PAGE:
I remember those tense days in October, 1962, when John F. Kennedy squared off against Nikita Khruschev in what would come to be called the Cuban missile crisis. We didn't know it at the time but we were immensely fortunate that the showdown involved these two leaders, cool heads who found a way to back down from what could have become nuclear armageddon.
It's fair to say those two weeks left some scarring on the psyche of many. Not much, perhaps, but some especially for those who realized that tomorrow might not come - for them.
Which is why I got a little jolt this morning when I read a headline about the "Korean missile crisis."
First of all, this is not remotely the same as the Cuban missile crisis. North Korea doesn't have the weaponry, not yet, to annihilate the U.S. or trigger "nuclear winter." That said, other nations that could wind up dragged into this definitely do.
And there's no John Kennedy or Nikita Khrushchev at the helm either. No this time we've got Kim Jong-un, the guy who thinks it's fun to dispatch his own uncle with an anti-aircraft gun, staring down the aging man-baby president, Don Trump. I think those two are scarier than the nukes - by an order of magnitude.
An old friend has a phrase to describe two guys like these - "great snappin' assholes." I think that's apt. They're both in serious need of therapy. Both currently find their own positions a bit precarious. Trump knows he has investigations closing in. Kim knows he's never more than a couple of steps away from his own trip to that anti-aircraft gun. Neither of these half-wits can afford to be seen as weak. Each needs the other to bend.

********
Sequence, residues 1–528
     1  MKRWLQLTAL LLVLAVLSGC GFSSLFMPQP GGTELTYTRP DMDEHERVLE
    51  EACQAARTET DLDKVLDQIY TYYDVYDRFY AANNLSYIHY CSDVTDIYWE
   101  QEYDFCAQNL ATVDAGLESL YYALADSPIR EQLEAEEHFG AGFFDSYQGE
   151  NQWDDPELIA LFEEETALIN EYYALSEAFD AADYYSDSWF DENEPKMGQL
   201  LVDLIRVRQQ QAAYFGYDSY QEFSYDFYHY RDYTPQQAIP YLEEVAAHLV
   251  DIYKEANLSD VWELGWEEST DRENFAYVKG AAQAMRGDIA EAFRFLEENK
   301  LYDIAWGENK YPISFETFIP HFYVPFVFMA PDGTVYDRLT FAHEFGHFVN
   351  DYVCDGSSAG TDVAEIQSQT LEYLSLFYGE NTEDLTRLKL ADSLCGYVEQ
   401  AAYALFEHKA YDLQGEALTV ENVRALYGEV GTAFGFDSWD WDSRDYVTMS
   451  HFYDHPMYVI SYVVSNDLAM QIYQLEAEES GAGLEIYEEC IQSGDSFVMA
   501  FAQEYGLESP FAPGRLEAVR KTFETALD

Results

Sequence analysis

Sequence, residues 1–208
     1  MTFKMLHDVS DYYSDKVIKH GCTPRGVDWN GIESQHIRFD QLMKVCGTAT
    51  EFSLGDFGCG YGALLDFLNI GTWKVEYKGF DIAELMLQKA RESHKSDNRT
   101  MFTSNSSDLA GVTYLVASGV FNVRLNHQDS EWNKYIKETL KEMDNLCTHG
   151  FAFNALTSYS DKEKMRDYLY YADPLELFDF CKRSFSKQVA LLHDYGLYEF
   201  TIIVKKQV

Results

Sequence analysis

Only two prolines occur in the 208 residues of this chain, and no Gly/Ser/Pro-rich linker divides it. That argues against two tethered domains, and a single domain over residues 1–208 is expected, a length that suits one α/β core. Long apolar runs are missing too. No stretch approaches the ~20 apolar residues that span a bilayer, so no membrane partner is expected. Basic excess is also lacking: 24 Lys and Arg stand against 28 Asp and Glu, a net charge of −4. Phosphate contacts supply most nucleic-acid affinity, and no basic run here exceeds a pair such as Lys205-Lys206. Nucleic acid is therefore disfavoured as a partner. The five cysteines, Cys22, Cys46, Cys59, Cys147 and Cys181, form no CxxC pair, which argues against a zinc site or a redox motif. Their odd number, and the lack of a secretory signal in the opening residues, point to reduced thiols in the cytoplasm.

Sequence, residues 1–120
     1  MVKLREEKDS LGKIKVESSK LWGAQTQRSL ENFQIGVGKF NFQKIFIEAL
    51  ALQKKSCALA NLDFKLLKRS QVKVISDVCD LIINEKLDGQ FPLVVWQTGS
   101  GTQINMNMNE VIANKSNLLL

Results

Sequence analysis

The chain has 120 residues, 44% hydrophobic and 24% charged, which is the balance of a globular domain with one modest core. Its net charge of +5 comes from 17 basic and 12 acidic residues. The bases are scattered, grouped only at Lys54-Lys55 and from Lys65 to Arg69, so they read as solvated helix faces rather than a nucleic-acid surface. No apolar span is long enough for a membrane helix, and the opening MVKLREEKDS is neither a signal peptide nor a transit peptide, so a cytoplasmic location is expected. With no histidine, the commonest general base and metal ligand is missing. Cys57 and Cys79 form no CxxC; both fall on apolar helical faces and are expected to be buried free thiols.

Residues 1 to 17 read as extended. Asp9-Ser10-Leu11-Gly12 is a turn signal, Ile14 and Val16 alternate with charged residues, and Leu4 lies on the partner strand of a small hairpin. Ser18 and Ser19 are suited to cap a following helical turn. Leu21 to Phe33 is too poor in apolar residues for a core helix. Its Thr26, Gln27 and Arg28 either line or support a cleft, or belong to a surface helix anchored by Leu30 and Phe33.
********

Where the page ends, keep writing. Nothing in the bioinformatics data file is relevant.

Wait and see. Just remember to breathe.
Continuing with the theme of other nations getting drawn into Pyongyang and Washington's pissing contest, Paul McGeough of the Sydney Morning Herald worries that Trump is risking a crisis with China.
North Korean dictator Kim Jong-un has seemingly crossed a threshold - he now has missiles that go halfway around the world, despite a January warning, when then president-elect Donald Trump declared: "It won't happen!"
If Trump's tweet was an implicit threat of a pre-emptive strike by Washington, it stands out in the administration's menu of possible responses as the only one that has not been attempted.
That the North already had the capability to strike South Korea and Japan, possibly with nuclear-armed missiles, had a certain abstract quality for Washington. With Alaska now in Pyongyang's crosshairs the calculus changes dramatically - but useful responses remain elusive.
As Americans celebrated Independence Day on Tuesday, Kim taunted Trump, describing the test as a milestone in his plans to bring the US within strike range and as a Fourth of July "gift" to the administration.
"We should send them gifts once in a while to help break their boredom," he was quoted as saying in a report by the state-run news agency.
Chinese President Xi Jinping was unmoved by a folksy dinner with Trump at Mar-a-Lago and by a subsequent presidential Twitter spray, as it dawned on Trump that China was playing to its own regional agenda, not Washington's.
The risk in all this is that, instead of resolving the existing North Korea crisis, it will only create a new crisis with Beijing. China experts say that Xi is eager to continue dialogue with Washington, but if Trump extends the limited sanctions on Chinese businesses dealing with North Korea, Beijing is likely to retaliate.
China has applied limited sanctions to North Korea, acting earlier this year to reduce its coal imports from the North. But it is not prepared, yet, to accept the collapse of the regime and the ensuing chaos on its doorstep, in which the US most likely would emerge as a major military force on the peninsula.